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World Academy: Discover South America, Hawaii, Japan & Beyond

Program No. 22764RJ
Embark on a once-in-a-lifetime 131-day voyage onboard the MS Zuiderdam as we explore the world from South America to the Pacific, Asia to the Middle East and Mediterranean Europe.

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At a Glance

Are you ready to for an around-the-world adventure like no other? Join us for the ultimate educational voyage onboard the beautiful MS Zuiderdam for a 131-day adventure that leads to South America, Asia and more. Beginning and ending in Fort Lauderdale, Florida, you’ll sail to Central and South America, make your way along the Amazon River, transit the Panama Canal, journey to the Pacific to explore Hawaii and the islands of Japan, and continue along for stops in the Middle East and Mediterranean. You’ll enjoy overnight stays in Japan, China, and India allowing for additional time to explore and learn about these fascinating countries. Along the way, enjoy expert instruction and insight from your onboard instructors who offer a look into history, culture and modern life as you make your way around the globe.
Activity Level
Keep the Pace
I like to spend much of the day exploring. Whether walking through historic neighborhoods at a moderate pace or out and about on a coach, I prefer to keep my days full. Stairs don’t bother me, and I love to keep up with the group.

Best of all, you’ll…

  • Search for new and exotic species as you sail along the Amazon River in Brazil and marvel at modern engineering as you transit the Panama Canal.
  • Enjoy overnight stays in cities like Tokyo, Hong Kong, and Mumbai allowing you additional time to explore and learn about their history.
  • Journey to Jordan’s southwestern desert to thrill at the city of Petra, a series of tombs and temples carved into pink sandstone cliffs.
Visit the Road Scholar Bookshop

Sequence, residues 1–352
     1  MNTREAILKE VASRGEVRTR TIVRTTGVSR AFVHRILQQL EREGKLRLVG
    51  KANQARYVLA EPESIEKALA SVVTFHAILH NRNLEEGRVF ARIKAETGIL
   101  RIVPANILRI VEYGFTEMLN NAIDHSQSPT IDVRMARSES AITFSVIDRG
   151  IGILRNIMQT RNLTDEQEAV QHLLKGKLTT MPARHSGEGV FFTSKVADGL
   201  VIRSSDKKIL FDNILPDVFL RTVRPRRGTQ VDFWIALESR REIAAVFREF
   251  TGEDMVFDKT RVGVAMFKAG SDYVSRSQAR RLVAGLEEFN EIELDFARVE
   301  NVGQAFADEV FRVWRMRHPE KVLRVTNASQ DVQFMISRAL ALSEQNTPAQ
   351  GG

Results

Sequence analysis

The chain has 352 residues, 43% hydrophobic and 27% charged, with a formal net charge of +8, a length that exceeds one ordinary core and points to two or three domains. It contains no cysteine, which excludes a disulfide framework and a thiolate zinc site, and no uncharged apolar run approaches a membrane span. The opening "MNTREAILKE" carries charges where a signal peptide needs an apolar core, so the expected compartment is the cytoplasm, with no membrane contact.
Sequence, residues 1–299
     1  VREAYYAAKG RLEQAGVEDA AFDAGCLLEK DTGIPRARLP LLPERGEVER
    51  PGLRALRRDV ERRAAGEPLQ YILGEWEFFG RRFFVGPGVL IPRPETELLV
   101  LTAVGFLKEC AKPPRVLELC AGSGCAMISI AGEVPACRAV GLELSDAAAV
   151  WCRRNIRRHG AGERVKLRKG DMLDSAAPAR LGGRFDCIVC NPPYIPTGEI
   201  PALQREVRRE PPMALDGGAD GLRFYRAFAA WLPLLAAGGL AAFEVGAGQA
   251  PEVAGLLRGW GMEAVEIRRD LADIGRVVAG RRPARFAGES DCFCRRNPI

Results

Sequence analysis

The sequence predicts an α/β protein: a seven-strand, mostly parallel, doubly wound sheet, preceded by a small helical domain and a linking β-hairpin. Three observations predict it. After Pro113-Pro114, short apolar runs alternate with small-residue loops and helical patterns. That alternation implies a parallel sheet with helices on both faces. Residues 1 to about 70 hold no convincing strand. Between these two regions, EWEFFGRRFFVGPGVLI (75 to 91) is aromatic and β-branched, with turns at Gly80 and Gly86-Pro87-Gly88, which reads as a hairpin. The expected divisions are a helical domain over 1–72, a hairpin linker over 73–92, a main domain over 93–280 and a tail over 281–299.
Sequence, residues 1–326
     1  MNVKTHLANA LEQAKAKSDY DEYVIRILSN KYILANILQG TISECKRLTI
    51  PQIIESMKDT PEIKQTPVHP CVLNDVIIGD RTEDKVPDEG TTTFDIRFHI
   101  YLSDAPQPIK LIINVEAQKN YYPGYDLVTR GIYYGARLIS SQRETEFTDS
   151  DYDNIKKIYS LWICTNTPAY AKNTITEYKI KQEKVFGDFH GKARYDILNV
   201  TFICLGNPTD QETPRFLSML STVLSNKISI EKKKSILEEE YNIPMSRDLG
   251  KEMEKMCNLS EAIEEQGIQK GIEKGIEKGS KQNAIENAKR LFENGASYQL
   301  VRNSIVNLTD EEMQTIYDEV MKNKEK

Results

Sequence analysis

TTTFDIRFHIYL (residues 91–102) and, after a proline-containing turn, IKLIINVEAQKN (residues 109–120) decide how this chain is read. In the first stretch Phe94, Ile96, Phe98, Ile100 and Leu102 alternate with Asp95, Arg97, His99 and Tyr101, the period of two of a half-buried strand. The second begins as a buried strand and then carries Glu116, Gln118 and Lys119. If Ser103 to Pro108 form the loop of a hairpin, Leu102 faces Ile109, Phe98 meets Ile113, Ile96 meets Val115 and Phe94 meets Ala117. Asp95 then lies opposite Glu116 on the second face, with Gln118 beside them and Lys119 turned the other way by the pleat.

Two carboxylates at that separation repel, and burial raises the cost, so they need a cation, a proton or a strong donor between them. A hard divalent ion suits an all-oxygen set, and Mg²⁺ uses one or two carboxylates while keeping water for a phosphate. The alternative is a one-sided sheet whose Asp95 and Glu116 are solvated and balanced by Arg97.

You can find many of the books we recommend at the Road Scholar store on bookshop.org, a website that supports local bookstores.
The Travel Book, A Journey Through Every Country in the World
by Lonely Planet Publications
Bigger and better than ever (the third edition of the best-selling original), we can't keep our hands off this celebration of the world. Each country, no matter how big or small, gets a colorful double-page spread in this glossy A-to-Z of travel from Afghanistan to Zimbabwe.
Behind the Veil in Arabia, Women in Oman
by Unni Wikan
An insightful and remarkable look at the role of women in Oman based on Wikan's fieldwork as well as her personal experiences and impressions of the place.
Ghosts of Spain
by Giles Tremlett
Tremlett captures the Spanish character, history and modern politics in this masterful portrait, interweaving the story of his love for the country (where he has lived for 20 years) with interviews, anecdotes and observation.
Jerusalem: One City, Three Faiths
by Karen Armstrong
A popular history by the author of A History of God. Armstrong tackles big subjects -- and this book is no exception. It's a comprehensive, concise portrait of the city over the last 5,000 years.
Hong Kong
by Jan Morris
A wonderful portrait of Hong Kong by one of our favorite travel writers. Morris enumerates the many personal pleasures of the city, deftly interweaving reportage, history and culture.
The Eaves of Heaven, A Life in Three Wars
by Andrew X. Pham
Pham recounts the story of his father's life during the French occupation, Japanese invasion and the American War, weaving such momentous events with anecdotes from his childhood and details of family, friends, food and daily life.
Elephant Complex, Travels in Sri Lanka
by John Gimlette
This exuberant travelogue by an award-winning writer takes stock of Sri Lanka, from the capital city of Colombo through the remotest interior. Gimlette mixes his narrative with colonial history and plenty of lucid observations.
The Path Between the Seas: The Creation of the Panama Canal, 1870-1914
by David McCullough
Acclaimed historian David McCullough delivers a first-rate drama of the sweeping human undertaking that led to the creation of the Panama Canal. Winner of the National Book Award for history, the Francis Parkman Prize, the Samuel Eliot Morison Award, and the Cornelius Ryan Award (for the best book of the year on international affairs).
by Henri Charriere
Henri Charrière, nicknamed "Papillon," for the butterfly tattoo on his chest, was convicted in Paris in 1931 of a murder he did not commit. Sentenced to life imprisonment in the penal colony of French Guiana, he became obsessed with one goal: escape. He was eventually sent to the notorious prison, Devil's Island, a place from which no one had ever escaped.
A History of the Arab Peoples
by Albert Hourani
Called a landmark, masterpiece and essential to understanding the Middle East, Hourani's acclaimed chronicle of the political, spiritual, religious and cultural traditions of the Arab peoples is brought up to date with an afterword by noted Islamic scholar Malise Ruthven.